Pharmacists can play an important role as part of the interdisciplinary care team.
Multiple sclerosis (MS) is a disease of the central nervous system (CNS) that affects almost 1 million individuals in the United States, according to the National Multiple Sclerosis Society.1,2 It is an autoimmune disease in which the immune system attacks the protective sheath (myelin) that covers nerve fibers and causes communication problems between the brain and the rest of the body.1,3 Unfortunately, there is no cure for MS but there are medications that can modify the disease course, treat relapses, and manage symptoms. Nonpharmacologic therapies including lifestyle modifications and physical therapy also are an important part of comprehensive care for MS.
Risk Factors, Symptoms, and Diagnosis
The cause of MS remains unknown but evidence suggests it is triggered by a combination of environmental and genetic risk factors (eg, family history).3 Most individuals are diagnosed between the ages of 20 and 50 years, and women are 2 to 3 times more likely than men to have MS.4 Infections such as Epstein-Barr virus and certain autoimmune diseases (eg, type 1 diabetes) may increase the risk of developing MS.4 Other risk factors that may contribute to an increased risk of MS include living farther from the equator, low vitamin D levels, and smoking.3
Signs and symptoms of MS can vary from individual to individual and throughout the disease course.5
Multiple Sclerosis Symptoms5
Most Common Symptoms
Less Common Symptoms
Treatment Options and Drug Pipeline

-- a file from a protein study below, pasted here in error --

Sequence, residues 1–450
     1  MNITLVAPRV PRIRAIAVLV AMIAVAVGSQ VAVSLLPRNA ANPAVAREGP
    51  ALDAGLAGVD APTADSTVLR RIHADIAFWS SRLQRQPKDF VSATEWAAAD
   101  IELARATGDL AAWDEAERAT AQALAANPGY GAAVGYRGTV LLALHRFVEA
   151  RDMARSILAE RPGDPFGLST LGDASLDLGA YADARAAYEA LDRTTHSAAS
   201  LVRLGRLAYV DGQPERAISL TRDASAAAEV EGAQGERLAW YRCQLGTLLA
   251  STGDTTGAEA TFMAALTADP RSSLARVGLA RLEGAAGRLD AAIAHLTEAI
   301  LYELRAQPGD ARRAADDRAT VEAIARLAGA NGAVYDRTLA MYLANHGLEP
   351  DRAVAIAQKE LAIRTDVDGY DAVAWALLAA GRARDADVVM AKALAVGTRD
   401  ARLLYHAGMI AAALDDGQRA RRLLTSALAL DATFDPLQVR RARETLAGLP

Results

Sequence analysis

Exacerbations of MS caused by an inflammation of the CNS that lasts at least 24 hours and are separated from a previous attack by at least 30 days are typically treated with high-dose corticosteroids (eg, prednisone, methylprednisolone).3,6 Pharmacists can educate patients that corticosteroids may cause insomnia, hypertension, increased blood glucose levels, psychiatric issues, and weight gain.3 Exacerbations can range from mild to severe enough to affect daily activities.6
Disease-modifying therapies (DMTs) reduce the frequency and severity of relapses, and evidence demonstrates these medications also reduce the development of new areas of damage in the brain and spinal cord and delay disability progression.7 Treatment options include oral medications, injectables, and infusions. The Multiple Sclerosis Coalition recommends early and ongoing treatment with DMTs.8 There are a variety of FDA-approved DMTs available and pharmacists can counsel patients about the different options and potential adverse effects.
Ozanimod (Zeposia; Bristol Myers Squibb) is an oral medication approved in 2020, and it is the only DMT that is a sphingosine-1 phosphate receptor modulator that offers patients an initiation with no genetic test and no label-based first-dose observation required.7,9 It is also approved for active secondary progressive disease (worsening condition).7,9 Additionally, evidence demonstrates that ozanimod was more effective at reducing the risk of disease relapse compared with interferon beta-1a.9 Fingolimod (Gilenya; Novartis) is an oral medication and it is the only DMT approved for use in children 10 years and older.7 Other oral treatment options include dimethyl fumarate (Tecfidera; Biogen) and diroximel fumarate (Vumerity; Biogen), teriflunomide (Aubagio; Sanofi), cladribine (Mavenclad; Merck), and siponimod (Mayzent; Novartis).7
Intravenous Infusion Treatments
Ocrelizumab (Ocrevus; Genentech) is a monoclonal antibody and intravenous (IV) infusion therapy that is the first and only DMT approved to treat both the relapse-remitting and primary progressive forms of MS in adults.7 Other IV infusion treatments include alemtuzumab (Lemtrada; Sanofi Genzyme), generic mitoxantrone, and natalizumab (Tysabri; Biogen).7